Author:-Sonia Yadav


Tort law has several objectives. Some of the important objectives are mentioned here-
1. The purpose of tort law is to restore someone who has been injured as a result of the wrong of another to the condition they were prior to the injury by awarding them monetary damages which will pay for medical expenses, lost wages and compensate for physical and mental pain and suffering as a result of their injuries.
 2. To restore the victim to the place they were at before the injury occurred.
 3. To create a system where victims can get redress without resorting to vigilante justice.
 4. Allow victims to seek redress outside of the criminal system.
 5. To deter others from committing tort.

Essential Elements of Tort

There are basically three main elements, which together constitute a tort:
1. There must be a "wrongful act" or "omission" on the part of defendant.
 2. The wrongful act of defendant must result in "legal damage" to the Plaintiff.
3 The wrongful act must be of such a Nature that it gives rise to a "legal remedy" in the form of "Unliquidated damages".
All these three essential things together give rise to a taste. Let us study each essential in more detail.
1. Wrongful act or omission: Wrongful act means any act of defendant which is wrong in the eye of law or contrary to the provisions of law. Therefore causing legal injury to another person. Similarly when there is a legal duty to do some act and a person fails to perform that duty, he can be made liable for such omission.
Note: The wrongful act must be a legal wrong; merely a social or moral right didn't not give rise to tort.
                                                              For example- if a child is drowning in a water body and if a passer-by sees this, then to save him might be his moral duty but it is not his legal duty of that person passing from there. It is very important to note that one can be made liable under tort only when the other person has a duty to take care of another person. To understand this supposed that in the above case if the passer-by was a person who was responsible for taking care of that water body if he saw that the child is drowning and still he didn’t try to save him, then he could be made liable. Because it was his duty as he was assigned to take care of that place. To make it clearer, let us discuss an important case.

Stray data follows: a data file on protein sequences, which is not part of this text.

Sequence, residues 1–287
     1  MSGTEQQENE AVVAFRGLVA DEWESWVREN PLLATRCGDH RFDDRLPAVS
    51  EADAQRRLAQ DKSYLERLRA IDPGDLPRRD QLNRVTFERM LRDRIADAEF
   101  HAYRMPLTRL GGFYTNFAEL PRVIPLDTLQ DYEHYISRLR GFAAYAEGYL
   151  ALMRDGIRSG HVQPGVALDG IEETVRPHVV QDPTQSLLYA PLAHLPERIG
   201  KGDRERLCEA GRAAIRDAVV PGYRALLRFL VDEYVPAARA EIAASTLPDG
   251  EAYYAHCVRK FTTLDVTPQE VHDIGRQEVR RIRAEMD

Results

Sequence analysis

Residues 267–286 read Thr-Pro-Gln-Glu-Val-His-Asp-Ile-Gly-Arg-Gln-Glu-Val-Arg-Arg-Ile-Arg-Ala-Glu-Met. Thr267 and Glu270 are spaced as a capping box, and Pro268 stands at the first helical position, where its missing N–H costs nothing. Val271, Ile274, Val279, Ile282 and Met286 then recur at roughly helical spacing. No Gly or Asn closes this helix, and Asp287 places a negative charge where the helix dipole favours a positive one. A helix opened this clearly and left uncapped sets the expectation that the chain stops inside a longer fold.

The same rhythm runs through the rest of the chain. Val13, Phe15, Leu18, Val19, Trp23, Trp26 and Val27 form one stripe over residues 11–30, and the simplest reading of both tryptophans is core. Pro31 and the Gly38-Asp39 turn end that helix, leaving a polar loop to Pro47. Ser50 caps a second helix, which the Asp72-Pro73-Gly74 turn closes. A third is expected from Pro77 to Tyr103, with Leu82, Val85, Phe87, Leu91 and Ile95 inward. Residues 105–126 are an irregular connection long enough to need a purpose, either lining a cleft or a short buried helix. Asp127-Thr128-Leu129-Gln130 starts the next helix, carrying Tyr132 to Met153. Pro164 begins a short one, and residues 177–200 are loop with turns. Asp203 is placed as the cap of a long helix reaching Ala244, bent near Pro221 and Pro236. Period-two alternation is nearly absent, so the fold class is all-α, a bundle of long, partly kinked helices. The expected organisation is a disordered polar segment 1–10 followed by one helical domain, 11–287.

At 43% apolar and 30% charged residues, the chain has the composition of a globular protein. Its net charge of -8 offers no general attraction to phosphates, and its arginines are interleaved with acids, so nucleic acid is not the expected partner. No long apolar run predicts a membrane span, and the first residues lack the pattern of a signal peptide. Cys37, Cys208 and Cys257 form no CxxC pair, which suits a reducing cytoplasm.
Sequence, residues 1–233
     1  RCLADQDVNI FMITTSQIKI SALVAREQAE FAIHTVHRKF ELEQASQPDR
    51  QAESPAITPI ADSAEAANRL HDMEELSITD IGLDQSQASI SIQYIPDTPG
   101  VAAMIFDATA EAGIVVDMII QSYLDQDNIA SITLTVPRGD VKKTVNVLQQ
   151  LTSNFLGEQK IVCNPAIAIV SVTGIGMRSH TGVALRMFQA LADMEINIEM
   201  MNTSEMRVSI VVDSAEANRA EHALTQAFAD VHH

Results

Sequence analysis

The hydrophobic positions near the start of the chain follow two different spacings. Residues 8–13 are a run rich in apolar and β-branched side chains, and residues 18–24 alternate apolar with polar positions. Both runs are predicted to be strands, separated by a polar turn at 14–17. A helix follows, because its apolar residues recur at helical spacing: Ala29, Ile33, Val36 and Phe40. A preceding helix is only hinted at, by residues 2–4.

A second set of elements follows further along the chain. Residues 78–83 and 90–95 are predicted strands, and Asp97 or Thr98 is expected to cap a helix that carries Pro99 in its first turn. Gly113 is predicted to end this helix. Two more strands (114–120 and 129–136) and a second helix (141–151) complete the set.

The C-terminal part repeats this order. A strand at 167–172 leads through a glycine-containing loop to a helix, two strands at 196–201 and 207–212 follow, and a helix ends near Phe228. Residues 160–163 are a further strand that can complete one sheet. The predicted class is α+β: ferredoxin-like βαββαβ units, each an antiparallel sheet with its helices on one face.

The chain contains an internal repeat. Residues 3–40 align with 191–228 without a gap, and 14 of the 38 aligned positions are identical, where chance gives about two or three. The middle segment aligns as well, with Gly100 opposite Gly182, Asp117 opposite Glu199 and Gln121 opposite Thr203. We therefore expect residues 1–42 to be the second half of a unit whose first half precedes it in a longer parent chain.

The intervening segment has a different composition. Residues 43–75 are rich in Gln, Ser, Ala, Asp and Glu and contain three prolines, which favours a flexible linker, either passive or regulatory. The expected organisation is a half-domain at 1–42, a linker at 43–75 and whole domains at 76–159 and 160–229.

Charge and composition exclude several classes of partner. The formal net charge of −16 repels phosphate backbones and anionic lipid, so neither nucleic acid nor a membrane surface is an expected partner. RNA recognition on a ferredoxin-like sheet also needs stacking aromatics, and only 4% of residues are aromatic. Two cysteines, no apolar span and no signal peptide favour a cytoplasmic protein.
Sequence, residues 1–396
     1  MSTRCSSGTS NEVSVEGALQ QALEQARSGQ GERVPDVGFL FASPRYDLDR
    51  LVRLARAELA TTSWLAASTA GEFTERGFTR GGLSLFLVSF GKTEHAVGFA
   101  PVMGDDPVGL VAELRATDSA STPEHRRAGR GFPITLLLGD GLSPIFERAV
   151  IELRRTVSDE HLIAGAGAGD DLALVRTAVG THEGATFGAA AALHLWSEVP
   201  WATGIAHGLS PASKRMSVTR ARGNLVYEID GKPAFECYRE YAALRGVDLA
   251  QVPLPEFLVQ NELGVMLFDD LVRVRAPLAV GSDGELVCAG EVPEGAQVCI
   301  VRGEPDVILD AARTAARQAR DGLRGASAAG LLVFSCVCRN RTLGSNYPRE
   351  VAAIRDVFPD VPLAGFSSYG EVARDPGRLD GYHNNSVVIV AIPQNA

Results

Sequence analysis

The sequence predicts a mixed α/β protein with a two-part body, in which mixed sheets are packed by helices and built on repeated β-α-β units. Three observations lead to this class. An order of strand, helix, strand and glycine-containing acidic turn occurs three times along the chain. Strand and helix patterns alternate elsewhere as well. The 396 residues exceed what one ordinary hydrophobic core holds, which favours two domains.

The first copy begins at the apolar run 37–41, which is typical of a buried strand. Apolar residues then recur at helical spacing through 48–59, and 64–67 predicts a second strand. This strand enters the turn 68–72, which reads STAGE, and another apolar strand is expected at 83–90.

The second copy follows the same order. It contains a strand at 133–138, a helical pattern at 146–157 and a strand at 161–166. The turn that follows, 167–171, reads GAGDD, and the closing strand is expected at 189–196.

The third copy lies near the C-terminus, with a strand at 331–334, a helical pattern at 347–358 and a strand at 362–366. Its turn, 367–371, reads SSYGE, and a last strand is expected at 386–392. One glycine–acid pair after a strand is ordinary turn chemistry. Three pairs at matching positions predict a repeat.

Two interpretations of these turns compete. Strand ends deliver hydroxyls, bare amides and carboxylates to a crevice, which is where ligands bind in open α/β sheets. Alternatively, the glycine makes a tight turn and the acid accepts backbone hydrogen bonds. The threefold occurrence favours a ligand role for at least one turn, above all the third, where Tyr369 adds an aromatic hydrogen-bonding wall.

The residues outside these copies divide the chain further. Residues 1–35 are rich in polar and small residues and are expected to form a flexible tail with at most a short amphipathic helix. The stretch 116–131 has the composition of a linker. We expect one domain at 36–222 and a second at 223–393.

Case: Glasgow coronary v. Taylor,1992: In this case the defendant failed to put proper fencing around the poisonous tree due to which a 7 year child pluck and eats the fruit orchestra and dies. The defendant was held liable in this case as it was legal duty of defendant to take due care of such foreseeable damage.
2. Legal damage: It simply means infringement of legal right or breach of legal duty. Unless there has been a violation of legal rights there can be no action under the law of torts. If there is violation of legal right the same will be actionable whether, as a consequence of that particular act, the plaintiff has suffered any actual loss or not. To understand this, we have to deal with two very important maxims:

• Injuria sine damno and
• Damnum Sine Injuria.
Here, Injuria means LEGAL INJURY, (infringement of legal right/duty),
Sine means WITHOUT,
Damno means DAMAGE (may be in the form of money, comfort, health, reputation or the like.

Injuria Sine Damno

Injuria sine Damno means legal injury without any damage to the plaintiff. It is actionable per se I. e actionable without proof of loss. In such cases plaintiff does not need to prove that he suffered harm due to the act of defendant. In such cases, the only thing that the plaintiff has to prove is that his legal right has been violated. Every person has an absolute right to his property, to the immunity of his person, and to his liberty & infringement of this right is actionable per se